The typical adult learner must often surmount many obstacles in the path toward degree completion. He or she shoulders adult responsibilities including caring for children and aging parents, working full-time, overseeing the upkeep of home and automobile, and engaging in civic, religious, professional, or charitable organizations. This means that most of his or her time is necessarily spent managing the adult citizen’s burdens in life, and there is little time left over to devote to college studies.
The adult who returns to college to complete the bachelor’s degree is, necessarily, a patient and persistent person, knowing that because he or she only has enough spare time to take one or two courses each semester, it will take a long time to finish.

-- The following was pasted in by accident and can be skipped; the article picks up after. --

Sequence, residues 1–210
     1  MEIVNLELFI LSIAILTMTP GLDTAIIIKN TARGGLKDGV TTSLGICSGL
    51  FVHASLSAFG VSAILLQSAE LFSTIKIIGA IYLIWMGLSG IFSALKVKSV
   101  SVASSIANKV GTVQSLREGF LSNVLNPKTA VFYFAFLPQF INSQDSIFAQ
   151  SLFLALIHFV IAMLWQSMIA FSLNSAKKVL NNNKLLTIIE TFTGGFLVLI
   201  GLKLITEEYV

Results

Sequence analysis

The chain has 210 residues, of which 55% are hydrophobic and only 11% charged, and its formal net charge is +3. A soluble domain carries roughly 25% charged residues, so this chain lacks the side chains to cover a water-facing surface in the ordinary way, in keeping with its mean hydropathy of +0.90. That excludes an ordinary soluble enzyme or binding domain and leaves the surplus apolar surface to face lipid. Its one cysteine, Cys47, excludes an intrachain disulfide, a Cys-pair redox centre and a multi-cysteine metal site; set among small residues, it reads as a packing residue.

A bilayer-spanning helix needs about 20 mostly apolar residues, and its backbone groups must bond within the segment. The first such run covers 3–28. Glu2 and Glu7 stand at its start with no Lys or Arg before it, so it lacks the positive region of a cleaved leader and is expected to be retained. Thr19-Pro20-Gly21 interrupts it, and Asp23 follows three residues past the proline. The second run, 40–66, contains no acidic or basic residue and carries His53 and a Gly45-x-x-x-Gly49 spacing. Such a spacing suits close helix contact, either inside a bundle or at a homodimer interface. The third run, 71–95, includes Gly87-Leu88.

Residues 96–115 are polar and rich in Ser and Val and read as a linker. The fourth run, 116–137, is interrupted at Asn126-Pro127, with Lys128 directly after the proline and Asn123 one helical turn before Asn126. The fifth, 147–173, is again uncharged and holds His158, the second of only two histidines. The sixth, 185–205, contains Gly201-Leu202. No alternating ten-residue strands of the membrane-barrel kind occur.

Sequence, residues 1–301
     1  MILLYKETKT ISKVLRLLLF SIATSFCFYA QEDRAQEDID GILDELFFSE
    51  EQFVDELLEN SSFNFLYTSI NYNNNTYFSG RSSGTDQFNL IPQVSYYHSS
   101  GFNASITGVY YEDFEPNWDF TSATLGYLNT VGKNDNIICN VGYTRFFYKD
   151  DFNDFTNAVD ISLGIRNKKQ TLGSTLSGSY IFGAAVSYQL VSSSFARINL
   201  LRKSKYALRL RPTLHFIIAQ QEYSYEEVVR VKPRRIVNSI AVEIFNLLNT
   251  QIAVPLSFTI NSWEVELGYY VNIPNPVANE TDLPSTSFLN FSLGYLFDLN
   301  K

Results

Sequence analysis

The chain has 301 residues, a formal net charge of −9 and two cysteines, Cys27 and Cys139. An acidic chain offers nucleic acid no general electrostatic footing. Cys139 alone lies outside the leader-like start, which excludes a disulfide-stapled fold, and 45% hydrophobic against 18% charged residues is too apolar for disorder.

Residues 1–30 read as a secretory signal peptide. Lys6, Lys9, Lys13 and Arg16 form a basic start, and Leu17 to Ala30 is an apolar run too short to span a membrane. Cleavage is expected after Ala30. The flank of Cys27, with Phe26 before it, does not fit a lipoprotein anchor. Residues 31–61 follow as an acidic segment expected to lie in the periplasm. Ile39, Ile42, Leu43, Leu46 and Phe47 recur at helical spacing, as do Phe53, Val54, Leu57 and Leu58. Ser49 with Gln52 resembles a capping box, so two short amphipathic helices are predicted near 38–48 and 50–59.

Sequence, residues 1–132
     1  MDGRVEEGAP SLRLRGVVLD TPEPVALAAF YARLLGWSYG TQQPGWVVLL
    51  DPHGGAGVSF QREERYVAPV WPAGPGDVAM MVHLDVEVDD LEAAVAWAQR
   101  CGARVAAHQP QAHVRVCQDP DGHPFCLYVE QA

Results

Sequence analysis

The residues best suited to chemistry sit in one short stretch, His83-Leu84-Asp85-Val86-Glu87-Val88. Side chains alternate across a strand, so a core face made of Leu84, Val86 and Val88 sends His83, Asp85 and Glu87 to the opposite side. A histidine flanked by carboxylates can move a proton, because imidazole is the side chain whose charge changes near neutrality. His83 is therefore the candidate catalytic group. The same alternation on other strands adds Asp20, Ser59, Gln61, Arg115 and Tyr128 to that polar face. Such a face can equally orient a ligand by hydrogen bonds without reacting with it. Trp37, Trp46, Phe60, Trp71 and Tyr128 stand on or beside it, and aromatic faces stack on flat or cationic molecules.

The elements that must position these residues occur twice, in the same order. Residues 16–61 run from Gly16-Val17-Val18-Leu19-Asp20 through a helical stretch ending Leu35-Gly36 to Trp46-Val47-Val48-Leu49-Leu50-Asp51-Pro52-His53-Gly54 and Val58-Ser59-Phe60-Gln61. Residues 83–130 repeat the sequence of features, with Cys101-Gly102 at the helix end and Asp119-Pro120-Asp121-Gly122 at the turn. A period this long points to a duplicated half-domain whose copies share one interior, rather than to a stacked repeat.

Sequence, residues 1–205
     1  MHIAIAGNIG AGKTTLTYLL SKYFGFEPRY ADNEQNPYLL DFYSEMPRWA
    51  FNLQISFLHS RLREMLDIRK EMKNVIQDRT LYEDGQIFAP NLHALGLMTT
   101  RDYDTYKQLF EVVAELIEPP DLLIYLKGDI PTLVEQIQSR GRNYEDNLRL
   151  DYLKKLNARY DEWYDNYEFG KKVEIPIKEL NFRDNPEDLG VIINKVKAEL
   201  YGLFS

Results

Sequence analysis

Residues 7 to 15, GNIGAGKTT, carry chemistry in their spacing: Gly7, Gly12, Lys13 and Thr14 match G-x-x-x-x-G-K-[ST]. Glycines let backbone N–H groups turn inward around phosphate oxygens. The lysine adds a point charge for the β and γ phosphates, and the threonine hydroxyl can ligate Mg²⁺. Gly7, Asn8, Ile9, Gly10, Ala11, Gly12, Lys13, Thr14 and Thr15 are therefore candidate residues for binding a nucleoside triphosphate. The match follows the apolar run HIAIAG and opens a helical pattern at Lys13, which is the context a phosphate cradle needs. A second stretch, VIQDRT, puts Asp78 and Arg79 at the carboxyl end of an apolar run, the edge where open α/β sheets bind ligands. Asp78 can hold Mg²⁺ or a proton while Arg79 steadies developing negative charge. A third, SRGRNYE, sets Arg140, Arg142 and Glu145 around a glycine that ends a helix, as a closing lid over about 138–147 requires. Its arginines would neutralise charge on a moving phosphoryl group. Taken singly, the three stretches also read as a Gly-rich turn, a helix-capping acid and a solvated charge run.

It is for this very reason that we are so proud of each of our adult degree program students. So, during every senior banquet, the Interdisciplinary Studies Department presents the Tortoise Award to the one graduating adult degree program student who has taken the longest time to complete his or her bachelor’s degree. The name of the award refers to Aesop’s fable, The Hare and the Tortoise, the moral of which is “slow but steady wins the race.” Our Tortoise Award is designed to recognize and honor the persistence of that adult learner.
Spring 2012 - Andrea Holts (left) receives the ADP Tortoise Award from Karen Goodwin, ADP Advisor.
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